Mr. Charles Purvis, Davis' attorney at the time of appellant's trial, testified that the State "didn't promise me anything (in exchange for Davis' testimony) and I didn't promise James anything." Nevertheless, he felt that for testifying against appellant, Davis was given probation on his pending charges, a usual and common practice, according to Purvis.

An adequate defense in the context of a constitutional right to counsel does not mean that counsel will not commit what may later prove to be tactical errors. The evidence presented by appellant on this ground does not disclose any error in tactics or inadequacy of representation. Summers, supra.

Appellant's counsel testified that he waived appellant's preliminary hearing because he had already learned from the arresting *585 officers all the evidence that would have been presented at the hearing. He stated that he had already done his own investigative work, and had read the statements of the witnesses but he could not locate the witnesses appellant suggested.

Appellant offered no evidence to rebut his lawyer's testimony other than his statement that he was not consulted prior to the waiver. In fact, an inference exists that his preliminary hearing was waived at arraignment when both he and his counsel were present.

The record reflects that appellant's trial counsel exercised his professional judgment in waiving the preliminary hearing. The attorney apparently concluded that the State had sufficient evidence to establish the commission of the offense and probable cause for charging appellant therewith. While a preliminary hearing is widely used by defense counsel for discovery purposes, which is what appellant contends his trial counsel failed to do by waiving it, that is not its primary purpose. Daniels v. State, Ala.Cr.App., 335 So. 2d 412 (1976); § 15-11-9, Code of Alabama 1975. There is no general constitutional right to discovery by an accused in a criminal case. Weatherford v. Bursey, 429 U.S. 545, 97 S. Ct. 837, 51 L. Ed. 2d 30 (1977).

Appellant's next argument, that his counsel's incompetence was demonstrated by his failure to file any pretrial motions, especially a motion to suppress the in-court identification of an eyewitness to the shooting, is not supported by the record.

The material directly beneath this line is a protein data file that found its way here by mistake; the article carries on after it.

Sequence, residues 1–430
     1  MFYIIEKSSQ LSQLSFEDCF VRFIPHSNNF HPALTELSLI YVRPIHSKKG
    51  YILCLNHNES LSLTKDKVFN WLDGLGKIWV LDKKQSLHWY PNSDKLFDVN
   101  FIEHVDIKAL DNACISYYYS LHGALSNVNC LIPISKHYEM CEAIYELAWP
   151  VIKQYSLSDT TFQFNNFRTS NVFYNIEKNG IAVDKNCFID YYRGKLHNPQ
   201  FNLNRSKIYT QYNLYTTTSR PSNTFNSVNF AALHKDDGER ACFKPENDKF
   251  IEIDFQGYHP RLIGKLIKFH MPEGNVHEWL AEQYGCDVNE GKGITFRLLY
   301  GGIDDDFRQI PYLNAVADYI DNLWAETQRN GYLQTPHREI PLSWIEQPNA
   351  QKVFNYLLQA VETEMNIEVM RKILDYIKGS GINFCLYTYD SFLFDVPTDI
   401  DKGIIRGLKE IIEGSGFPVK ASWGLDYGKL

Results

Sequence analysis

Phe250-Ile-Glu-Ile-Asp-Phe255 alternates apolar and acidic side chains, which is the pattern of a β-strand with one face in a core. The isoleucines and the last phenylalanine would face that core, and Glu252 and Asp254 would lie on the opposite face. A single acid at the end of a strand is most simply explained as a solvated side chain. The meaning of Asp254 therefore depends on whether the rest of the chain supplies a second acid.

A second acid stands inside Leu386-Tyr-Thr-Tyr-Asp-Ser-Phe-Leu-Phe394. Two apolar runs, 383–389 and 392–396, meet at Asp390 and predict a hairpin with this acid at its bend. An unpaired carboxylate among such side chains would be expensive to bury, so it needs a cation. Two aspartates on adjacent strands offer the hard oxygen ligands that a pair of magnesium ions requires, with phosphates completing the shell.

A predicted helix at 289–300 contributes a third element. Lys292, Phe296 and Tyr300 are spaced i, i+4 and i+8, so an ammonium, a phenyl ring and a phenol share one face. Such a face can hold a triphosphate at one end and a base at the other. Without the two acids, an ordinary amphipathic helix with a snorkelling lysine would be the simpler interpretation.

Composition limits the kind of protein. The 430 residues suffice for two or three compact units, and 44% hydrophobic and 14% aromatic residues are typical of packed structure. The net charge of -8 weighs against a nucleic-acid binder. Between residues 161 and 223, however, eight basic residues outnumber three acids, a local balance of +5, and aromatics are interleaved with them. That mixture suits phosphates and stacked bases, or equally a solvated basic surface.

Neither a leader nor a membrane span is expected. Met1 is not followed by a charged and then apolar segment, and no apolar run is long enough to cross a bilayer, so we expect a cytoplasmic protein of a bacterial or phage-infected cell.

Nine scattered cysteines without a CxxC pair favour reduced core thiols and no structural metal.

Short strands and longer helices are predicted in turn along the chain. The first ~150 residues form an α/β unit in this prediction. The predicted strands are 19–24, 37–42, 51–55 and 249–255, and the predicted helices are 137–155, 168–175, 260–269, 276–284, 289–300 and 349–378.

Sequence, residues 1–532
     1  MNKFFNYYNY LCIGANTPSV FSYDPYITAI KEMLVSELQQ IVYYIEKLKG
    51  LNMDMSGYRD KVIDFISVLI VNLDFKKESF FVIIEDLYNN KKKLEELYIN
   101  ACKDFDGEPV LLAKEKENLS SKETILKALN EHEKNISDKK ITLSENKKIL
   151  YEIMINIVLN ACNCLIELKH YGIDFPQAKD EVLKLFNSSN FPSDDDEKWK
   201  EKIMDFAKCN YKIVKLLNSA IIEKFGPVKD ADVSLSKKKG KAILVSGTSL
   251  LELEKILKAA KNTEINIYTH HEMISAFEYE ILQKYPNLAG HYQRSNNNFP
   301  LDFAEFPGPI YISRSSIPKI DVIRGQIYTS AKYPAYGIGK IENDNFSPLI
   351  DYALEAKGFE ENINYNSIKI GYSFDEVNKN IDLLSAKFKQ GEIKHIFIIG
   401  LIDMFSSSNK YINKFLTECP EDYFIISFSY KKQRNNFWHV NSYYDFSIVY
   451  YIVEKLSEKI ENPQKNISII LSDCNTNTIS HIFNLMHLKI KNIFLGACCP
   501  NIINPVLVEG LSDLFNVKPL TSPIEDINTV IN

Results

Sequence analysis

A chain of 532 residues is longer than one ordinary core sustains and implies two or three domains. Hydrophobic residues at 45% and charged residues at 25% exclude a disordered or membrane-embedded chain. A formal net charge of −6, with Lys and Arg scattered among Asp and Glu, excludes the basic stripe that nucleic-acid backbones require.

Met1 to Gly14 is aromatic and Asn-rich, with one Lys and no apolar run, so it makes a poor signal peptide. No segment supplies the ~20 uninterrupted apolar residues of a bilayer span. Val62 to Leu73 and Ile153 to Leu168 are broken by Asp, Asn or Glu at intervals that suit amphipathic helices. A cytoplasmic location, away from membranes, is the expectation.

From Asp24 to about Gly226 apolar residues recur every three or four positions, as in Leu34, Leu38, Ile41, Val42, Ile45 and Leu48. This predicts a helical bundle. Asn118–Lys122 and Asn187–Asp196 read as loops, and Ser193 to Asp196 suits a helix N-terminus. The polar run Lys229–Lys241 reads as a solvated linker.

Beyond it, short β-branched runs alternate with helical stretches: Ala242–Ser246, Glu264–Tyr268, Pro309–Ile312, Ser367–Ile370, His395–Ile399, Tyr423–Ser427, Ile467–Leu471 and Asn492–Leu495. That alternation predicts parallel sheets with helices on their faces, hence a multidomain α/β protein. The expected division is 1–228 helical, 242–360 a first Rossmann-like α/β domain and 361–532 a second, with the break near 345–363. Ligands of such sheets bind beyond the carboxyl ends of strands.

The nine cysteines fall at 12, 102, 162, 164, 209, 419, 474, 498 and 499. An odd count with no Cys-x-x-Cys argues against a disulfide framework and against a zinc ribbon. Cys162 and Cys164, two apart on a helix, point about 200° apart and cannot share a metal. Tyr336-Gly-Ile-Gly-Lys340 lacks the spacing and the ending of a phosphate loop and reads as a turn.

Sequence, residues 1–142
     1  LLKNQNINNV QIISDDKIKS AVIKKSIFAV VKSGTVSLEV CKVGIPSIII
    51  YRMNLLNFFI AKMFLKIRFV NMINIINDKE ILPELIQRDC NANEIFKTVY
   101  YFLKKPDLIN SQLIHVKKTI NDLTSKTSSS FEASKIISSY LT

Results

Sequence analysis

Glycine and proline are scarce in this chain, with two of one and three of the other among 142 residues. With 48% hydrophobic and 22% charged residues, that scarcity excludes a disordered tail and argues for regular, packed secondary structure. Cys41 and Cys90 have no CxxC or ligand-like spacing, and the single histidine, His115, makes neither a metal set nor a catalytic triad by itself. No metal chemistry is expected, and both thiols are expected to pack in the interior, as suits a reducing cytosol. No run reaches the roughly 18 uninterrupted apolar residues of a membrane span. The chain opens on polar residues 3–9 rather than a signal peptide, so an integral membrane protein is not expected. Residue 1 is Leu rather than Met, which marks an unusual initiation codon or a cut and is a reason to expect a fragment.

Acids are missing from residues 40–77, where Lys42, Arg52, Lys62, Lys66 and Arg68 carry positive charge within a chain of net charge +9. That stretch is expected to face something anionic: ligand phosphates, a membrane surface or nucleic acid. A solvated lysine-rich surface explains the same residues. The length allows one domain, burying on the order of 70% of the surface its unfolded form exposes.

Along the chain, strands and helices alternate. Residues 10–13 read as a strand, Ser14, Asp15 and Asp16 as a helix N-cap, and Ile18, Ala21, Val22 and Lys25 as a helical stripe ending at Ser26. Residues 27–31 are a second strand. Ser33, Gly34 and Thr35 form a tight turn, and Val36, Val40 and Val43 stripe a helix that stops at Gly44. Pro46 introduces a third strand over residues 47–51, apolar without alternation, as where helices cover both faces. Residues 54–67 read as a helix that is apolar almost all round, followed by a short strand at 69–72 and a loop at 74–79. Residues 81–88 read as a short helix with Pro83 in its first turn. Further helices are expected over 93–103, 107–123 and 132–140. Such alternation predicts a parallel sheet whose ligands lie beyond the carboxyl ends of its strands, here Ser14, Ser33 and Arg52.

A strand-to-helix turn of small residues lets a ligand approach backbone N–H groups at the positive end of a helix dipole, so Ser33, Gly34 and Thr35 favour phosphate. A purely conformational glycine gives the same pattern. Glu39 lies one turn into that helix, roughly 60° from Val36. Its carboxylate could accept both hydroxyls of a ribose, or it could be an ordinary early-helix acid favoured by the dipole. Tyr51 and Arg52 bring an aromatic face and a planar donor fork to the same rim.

Initially, we note that there is no rule stating that trial counsel's failure to file pretrial motions constitutes per se inadequacy of representation. The failure to act must cause the trial to be reduced to a farce, sham, or mockery of justice. See generally Pace v. State, Ala.Cr.App., 369 So. 2d 1281 (1979).

No testimony was offered at appellant's hearing to substantiate his claim. We have reviewed the original transcript of the witness's testimony and we find that the supposed eyewitness admitted that he did not, in fact, see the actual shooting, although he was present at the scene and had the opportunity to observe the appellant. He was shown a photographic array two days after the murder and picked out appellant's picture at that time. It thus appears that the witness had an independent basis for his identification of appellant. Pace, supra.

Appellant next asserts that, by not meeting with him to prepare for his trial, and especially by not meeting with him during the overnight recess in his trial, his counsel inadequately represented him.

As to the former allegation, appellant testified that he met with his lawyer about three times prior to trial. His lawyer, however, testified that they met about six times. The obvious conflict in the evidence was a matter properly decided by the trial court. Harris v. State, Ala.Cr.App., 367 So. 2d 524, cert. denied, Ala. 367 So. 2d 534 (1978).

On his latter contention, appellant cites Geders v. United States, 425 U.S. 80, 96 S. Ct. 1330, 47 L. Ed. 2d 592 (1976), for the proposition that counsel's failure to meet with him during the recess constituted inadequate representation.

In Geders, the federal district court ordered the defendant's counsel not to contact the defendant during an overnight recess. The Supreme Court held that the order violated Geders' Sixth Amendment right to effective assistance of counsel. Geders does not stand for the proposition that counsel is required to confer with his client during a recess, but for the principle that the right exists if the accused and his counsel so desire.

Appellant does not indicate in what manner he was prejudiced. The record does not disclose any prejudice; if anything, it supports the opposite conclusion. Thus, we find no inadequacy demonstrated. See Taylor v. Alabama, 335 U.S. 252, 68 S. Ct. 1415, 92 L. Ed. 1935 (1948); Thomas v. State, 274 Ala. 531, 150 So. 2d 387 (1963); Brown v. State, Ala.Cr.App., 373 So. 2d 1232 (1979).